IRON RIVER—Iron County road commissioners approved a $6.13 million budget but voted against a state-wide initiative to increase political funding during a meeting Dec 27.
The 2013 budget is a $1.75 million increase over the previous year, due mostly to projected $1.62 million in expenditures for the Iron County Heritage Trail, according to Superintendent Doug Tomasoski.
The Road Commission approved spending $713,400 on heavy road maintenance during 2013, an $88,400 increase from the current year budget of $625,000.
Local road heavy maintenance costs will more than double from $250,000 allocated during 2012 to $590,000 for the new year. Of that, $150,000 will be budgeted for Iron River Township, $145,000 for Bates Township, $100,000 to Mansfield Township, $75,000 to Stambaugh Township, $70,000 for Crystal Falls Township and $50,000 for Mastodon Township.
According to the budget document, no local road maintenance funds have been allocated to Hematite Township.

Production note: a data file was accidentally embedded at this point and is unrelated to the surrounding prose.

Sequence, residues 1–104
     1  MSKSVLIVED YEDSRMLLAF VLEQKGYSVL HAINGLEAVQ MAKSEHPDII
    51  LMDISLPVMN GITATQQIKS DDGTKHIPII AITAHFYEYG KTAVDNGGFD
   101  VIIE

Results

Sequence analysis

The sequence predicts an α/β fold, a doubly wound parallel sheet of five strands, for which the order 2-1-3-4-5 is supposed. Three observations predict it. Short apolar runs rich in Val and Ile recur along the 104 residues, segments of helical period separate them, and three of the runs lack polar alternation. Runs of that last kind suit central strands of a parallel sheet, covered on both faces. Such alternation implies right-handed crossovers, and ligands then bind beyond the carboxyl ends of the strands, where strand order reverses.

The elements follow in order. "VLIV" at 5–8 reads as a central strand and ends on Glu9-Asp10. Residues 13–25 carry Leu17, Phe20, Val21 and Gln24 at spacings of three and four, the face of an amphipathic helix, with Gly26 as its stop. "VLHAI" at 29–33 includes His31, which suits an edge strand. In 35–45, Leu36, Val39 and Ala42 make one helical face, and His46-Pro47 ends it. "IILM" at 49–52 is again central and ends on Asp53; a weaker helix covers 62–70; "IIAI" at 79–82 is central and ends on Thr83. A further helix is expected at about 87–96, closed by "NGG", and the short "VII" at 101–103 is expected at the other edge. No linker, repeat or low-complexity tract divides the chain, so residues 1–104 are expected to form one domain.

The primary road heavy maintenance projects receiving funding for 2013 are: Idlewild Road, receiving $281,250, and Alpha Road (County Road 424), receiving $100,000.
A signage project on County Road 424 has a budget of $50,000. Two phases of heavy maintenance on Gibbs City Road are budgeted for $260,000. During 2012, the Road Commission spent $400,000 on phase one of the Gibbs City Road project. Commissioners also allocated $98,000 of improvements to the McNutt Road intersection.
The budget features a pay freeze for all employees.
During last week’s meeting, commissioners also voted on a County Road Association of Michigan constitution amendment that calls for a one-time payment of $1,000 per county for political lobbying.
“We should not waste $1,000 on CRAM,” Commissioner Carl Sholander told his colleagues. “The bottom line is always the same: We had input, but not enough to get a bill to pass,” he said of feedback from association lobbyists.
Sholander added that some county road commissions have left CRAM as budgets tighten and that fewer participating municipalities can raise insurance rates.